Here it is useful to draw attention to an apparent contradiction in John 20. First, let us focus on Doubting Thomas. If ever there was an attempt to prove that Jesus had undergone a genuine physical restoration resurrection, this is it, for Thomas is not merely invited to touch Jesus but virtually to subject him to a careful physical examination. By contrast, in verse 17 we find Jesus asking Mary not to hang on to him, and the reason he gives is that he has not yet ascended to his Father. His implication is surely that this is his final destiny/destination (re-iterated many times in John’s gospel: e.g. John 3:13; 14:2; 16:28, etc.) and, though he is present with her at the moment, he cannot remain with her, distressing though she may find it (cf. 16:5f.). Touching, as well as seeing and hearing, him would have been pointless unless it was designed to prove that he was truly flesh and blood or bone (Luke 24:39). So, on the one hand, Jesus is underlining the genuineness of his physical resurrection from the grave and, on the other, the necessity of his coming ascension to the Father’s side which will lead to the sending of the Spirit. This is to the disciples’ advantage (John 16:7), but it cannot occur until he has been glorified (7:39, cf. John 12:16,32-34). From this we are forced to infer that Jesus was not glorified at the time of his resurrection (cf. 1 Tim. 3:16, Acts 1:2f.,22 and Rev. 12:5 where his resurrection is not mentioned, and note Heb. 1:6; 2:5). Clearly, his rising from the grave was but the beginning of his total resurrection exaltation or exodus (Luke 9:31) and permanent escape from this present evil world (Gal. 1:4) of sin and corruption (Luke 9:51; Rev. 12:5) (1* Michael Wilcock, The Message of Revelation, p.118, sees Jesus’ ascension as his escape. In Jesus, man achieves the escape that the naturally mortal Adam was promised in Genesis 2:17.) never more to return (Acts 13:34; Heb. 7:26) (2* See further on this verse below.) Thus he ends where he began (John 17:5) but having permanently assumed human nature and paved the way for his fellows to enter the presence of God (John 17:24, cf. Heb. 2:10). As Irenaeus said, he became what we are so that we might become what he is.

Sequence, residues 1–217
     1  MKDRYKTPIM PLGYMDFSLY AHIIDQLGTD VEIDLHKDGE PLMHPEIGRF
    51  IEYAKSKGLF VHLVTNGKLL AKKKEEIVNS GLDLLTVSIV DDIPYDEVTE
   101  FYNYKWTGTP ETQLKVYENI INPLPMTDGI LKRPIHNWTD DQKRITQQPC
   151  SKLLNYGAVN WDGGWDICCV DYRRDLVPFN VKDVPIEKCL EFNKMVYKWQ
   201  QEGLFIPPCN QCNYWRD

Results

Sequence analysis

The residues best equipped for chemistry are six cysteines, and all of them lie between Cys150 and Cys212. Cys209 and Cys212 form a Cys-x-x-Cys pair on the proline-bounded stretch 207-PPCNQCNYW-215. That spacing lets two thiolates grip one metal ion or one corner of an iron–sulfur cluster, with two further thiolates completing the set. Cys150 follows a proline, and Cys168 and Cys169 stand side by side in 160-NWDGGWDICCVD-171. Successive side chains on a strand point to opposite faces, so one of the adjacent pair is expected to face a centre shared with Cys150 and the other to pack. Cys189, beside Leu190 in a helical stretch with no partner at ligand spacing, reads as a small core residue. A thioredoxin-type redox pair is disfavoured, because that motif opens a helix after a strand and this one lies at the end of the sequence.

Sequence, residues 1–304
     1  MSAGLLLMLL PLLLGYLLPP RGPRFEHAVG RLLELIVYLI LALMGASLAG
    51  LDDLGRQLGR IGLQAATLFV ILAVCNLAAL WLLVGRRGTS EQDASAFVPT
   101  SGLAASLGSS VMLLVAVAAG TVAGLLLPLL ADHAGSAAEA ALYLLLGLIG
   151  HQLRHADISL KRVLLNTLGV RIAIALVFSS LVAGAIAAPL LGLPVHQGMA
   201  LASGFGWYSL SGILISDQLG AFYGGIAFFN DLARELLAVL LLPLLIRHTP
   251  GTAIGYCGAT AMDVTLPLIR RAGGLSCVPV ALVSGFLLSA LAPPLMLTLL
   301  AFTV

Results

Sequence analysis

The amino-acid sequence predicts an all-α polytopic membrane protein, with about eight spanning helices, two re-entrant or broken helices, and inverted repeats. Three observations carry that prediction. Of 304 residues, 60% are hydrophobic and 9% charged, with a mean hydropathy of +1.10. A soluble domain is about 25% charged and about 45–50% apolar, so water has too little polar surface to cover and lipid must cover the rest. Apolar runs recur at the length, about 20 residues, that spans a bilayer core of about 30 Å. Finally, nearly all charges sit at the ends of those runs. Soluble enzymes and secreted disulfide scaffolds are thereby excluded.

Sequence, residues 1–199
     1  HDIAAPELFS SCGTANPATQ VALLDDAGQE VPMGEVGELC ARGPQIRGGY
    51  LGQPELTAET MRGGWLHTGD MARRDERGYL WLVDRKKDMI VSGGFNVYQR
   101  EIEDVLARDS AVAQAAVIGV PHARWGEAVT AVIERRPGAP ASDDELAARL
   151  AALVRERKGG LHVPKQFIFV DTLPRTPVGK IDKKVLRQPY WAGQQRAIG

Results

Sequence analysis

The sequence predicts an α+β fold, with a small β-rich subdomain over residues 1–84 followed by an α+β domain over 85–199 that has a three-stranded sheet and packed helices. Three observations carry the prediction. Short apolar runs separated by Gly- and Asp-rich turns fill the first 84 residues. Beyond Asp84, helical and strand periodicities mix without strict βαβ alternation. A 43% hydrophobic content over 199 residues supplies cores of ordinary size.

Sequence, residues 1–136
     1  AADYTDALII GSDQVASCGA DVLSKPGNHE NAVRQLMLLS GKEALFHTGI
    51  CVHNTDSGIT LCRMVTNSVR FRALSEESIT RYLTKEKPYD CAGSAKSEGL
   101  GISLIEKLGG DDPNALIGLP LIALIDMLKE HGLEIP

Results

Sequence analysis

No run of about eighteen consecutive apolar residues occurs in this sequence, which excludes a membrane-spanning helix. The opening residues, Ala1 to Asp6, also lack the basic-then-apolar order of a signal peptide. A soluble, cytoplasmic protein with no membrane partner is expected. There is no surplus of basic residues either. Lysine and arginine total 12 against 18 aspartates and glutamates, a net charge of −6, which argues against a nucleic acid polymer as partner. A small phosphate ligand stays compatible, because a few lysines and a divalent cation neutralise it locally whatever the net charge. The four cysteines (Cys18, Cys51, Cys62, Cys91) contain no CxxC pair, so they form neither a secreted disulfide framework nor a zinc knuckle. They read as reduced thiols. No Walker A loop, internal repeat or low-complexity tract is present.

There is a further point. Many seem to assume without adequate warrant that Jesus’ glorious body in heaven (Phil. 3:21) is to be identified with his post-resurrection one which his disciples saw on earth (cf. 1 John 1:1-3). On the limited evidence at our disposal it was not a particularly prepossessing one (cf. Isa. 53:2) and certainly not worthy of description. (3* Habermas and Licona’s contention, p.161, that “if the nature of our future resurrection body is immaterial and not physical, then so was Jesus’ resurrection body” is astonishing. They are comparing like with unlike! Jesus’ body on earth was like ours lowly, that is, fleshly, but in heaven it is gloriously transformed, Phil. 3:21, cf. Rev. 1:12-16; 2:18; 19:12.) But is this really what Jesus is referring to when he speaks of his heavenly glory he wishes us to see (John 17:5,24, cf. Isa. 33:17; 66:18)? Paul gives the strong impression that when God gives us an appropriate body in the world to come (cf. 1 Cor. 15:38), both the body and the world (or age) to come itself will be different (cf. Isa. 33:17-22). In other words, it will not be a revised form of the present creation (cf. Mt. 13:43) as is implied by Augustinian theology (see next paragraph). The present (evil) age (Gal. 1:4, cf. Mark 13:8) and the world to come are as fundamentally different as earth and heaven (cf. Luke 20:34-36). So far as man is concerned, there will be continuity certainly, but it will be bodily (somatic) not fleshly. The seed may differ from the plant (1 Cor. 15:37f.) but the genus is the same. Like produces like (Gen. 1:11f.. etc.), so if the seed is fleshly so is the body (John 3:6; 1 Cor. 15:48). However, if the seed is spiritual (1 Pet. 1:23; 1 John 3:9, cf. James 1:18), then the body is also. So while there is continuity of person, there is discontinuity of flesh if not body or house (cf. 2 Cor. 5:1; 1 Cor. 6:13). The clay jar is dispensed with but the treasure is retained (cf. 2 Cor. 4:7).